Lydia Sherburne of Ogle County is among a select group of 4-H youth chosen as program ambassadors in a health data literacy project, the University of Illinois Extension said in a news release.
The other 4-Hers on the inaugural team are Taylor Woodring of Jersey County; Brayden Wilson of La Salle County; Pritika Jakka of McLean County; Sofie Heidrich of Kendall County; and Taj Dipenshah, Elizabeth Martinez and Carlos Martinez, all of Cook County.
In all, 15 teens from across the state will participate by conducting needs assessments of health topics in their communities. They also will develop and conduct data analytics projects to address any issues that arise from their assessments. University of Illinois students and faculty will serve as mentors.
The project is called Health Data Literacy Ambassadors and is led by Rachel M. Magee, an assistant professor. Associate professors Catherine Blake and Jana Diesner are co-investigators.
“Our interdisciplinary collaboration connects researchers with expertise in health informatics, data analytics, youth services and youth community engagement, with extension experts deeply experienced with positive youth development, health, nutrition and wellness,” Magee said.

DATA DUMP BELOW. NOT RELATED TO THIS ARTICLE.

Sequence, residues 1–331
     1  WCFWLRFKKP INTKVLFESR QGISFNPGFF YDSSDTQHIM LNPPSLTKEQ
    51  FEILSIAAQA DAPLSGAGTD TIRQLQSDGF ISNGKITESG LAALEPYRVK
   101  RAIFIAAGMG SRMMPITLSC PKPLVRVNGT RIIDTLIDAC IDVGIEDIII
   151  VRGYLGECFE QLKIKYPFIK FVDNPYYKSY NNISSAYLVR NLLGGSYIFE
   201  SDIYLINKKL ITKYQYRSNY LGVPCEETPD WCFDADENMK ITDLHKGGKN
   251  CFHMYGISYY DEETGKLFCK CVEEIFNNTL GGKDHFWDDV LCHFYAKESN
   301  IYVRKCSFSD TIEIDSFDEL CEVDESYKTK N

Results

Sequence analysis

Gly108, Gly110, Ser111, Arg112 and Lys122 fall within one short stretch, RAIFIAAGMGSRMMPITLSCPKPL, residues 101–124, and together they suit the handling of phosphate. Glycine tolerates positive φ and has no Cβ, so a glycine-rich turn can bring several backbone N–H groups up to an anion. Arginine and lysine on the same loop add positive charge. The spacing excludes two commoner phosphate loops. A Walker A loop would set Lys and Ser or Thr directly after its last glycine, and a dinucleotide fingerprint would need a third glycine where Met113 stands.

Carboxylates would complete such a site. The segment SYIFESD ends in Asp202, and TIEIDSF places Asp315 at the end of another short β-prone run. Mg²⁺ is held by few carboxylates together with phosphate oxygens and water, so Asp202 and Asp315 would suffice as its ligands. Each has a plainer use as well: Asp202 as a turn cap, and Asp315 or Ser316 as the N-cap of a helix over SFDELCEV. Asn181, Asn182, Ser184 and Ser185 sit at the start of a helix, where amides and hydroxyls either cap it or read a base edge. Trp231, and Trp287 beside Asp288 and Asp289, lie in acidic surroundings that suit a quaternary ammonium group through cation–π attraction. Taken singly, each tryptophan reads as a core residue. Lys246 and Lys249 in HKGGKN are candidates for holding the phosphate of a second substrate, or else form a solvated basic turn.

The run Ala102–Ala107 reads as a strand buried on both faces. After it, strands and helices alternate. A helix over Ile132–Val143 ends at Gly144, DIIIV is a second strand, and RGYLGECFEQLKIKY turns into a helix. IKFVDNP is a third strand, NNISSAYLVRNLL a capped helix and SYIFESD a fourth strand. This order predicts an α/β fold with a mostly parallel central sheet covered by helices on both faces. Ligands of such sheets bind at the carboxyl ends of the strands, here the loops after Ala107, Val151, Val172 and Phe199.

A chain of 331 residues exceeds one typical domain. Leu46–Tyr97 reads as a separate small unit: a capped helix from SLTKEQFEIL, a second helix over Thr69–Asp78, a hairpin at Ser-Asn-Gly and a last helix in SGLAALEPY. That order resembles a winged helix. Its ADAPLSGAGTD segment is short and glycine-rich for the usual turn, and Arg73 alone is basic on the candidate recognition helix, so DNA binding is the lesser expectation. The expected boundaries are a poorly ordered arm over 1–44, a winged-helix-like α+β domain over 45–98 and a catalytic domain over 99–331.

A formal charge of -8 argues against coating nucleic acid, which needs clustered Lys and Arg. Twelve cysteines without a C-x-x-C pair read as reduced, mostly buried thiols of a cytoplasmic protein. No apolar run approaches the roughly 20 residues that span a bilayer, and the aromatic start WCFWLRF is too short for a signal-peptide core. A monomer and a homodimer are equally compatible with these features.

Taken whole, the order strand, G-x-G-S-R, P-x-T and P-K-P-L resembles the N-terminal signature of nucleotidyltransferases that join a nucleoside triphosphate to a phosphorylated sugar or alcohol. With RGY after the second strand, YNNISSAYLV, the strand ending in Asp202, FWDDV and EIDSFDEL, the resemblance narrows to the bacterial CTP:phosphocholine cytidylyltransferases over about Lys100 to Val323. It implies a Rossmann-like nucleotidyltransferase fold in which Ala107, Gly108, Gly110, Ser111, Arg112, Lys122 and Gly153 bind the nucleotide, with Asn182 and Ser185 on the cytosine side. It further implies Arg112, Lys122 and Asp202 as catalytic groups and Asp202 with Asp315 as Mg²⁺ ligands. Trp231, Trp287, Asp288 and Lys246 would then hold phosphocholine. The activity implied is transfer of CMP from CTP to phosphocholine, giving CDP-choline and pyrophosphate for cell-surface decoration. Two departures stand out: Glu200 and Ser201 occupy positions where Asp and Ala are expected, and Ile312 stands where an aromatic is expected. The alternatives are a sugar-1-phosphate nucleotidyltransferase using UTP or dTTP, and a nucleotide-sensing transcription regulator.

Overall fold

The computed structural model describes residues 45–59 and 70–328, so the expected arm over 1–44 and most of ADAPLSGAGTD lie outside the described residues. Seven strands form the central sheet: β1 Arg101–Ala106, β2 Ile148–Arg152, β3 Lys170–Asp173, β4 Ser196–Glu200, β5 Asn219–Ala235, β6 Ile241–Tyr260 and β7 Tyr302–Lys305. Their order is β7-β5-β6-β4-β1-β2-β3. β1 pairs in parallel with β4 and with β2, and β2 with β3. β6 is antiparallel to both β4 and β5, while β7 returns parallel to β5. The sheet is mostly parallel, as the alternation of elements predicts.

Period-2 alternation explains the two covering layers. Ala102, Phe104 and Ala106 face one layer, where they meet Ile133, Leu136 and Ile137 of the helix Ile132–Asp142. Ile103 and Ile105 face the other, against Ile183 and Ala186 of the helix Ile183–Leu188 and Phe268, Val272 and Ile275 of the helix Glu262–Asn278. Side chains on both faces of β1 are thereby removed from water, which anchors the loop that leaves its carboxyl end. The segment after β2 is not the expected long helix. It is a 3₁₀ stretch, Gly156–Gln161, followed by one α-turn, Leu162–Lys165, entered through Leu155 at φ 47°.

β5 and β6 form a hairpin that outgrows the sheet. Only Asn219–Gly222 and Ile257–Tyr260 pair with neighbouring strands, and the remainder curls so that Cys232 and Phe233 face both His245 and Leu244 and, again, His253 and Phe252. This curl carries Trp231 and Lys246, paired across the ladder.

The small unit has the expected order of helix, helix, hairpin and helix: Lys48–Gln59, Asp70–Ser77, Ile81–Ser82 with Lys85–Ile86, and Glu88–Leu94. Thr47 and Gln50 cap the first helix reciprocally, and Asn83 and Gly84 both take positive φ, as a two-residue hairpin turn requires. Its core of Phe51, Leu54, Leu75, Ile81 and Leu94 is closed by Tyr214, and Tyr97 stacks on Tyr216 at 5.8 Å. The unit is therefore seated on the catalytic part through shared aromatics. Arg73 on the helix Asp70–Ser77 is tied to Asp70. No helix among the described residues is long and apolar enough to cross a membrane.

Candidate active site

She said the project will take two years.
“This collaboration has the potential to build a sustainable model for other data literacy ambassador programs for Illinois 4-H, furthering efforts to address critical issue areas across Illinois through the lens of data analytics, continuing to empower youth as change agents, highlighting career pathways, and building connections and new partnerships between local communities and the university,” Magee said.
Magee, a former librarian, is a youth advocate who teaches about and researches youth technology and information practices. She holds a doctorate in information studies from Drexel University and a master’s degree in information resources and library science from the University of Arizona.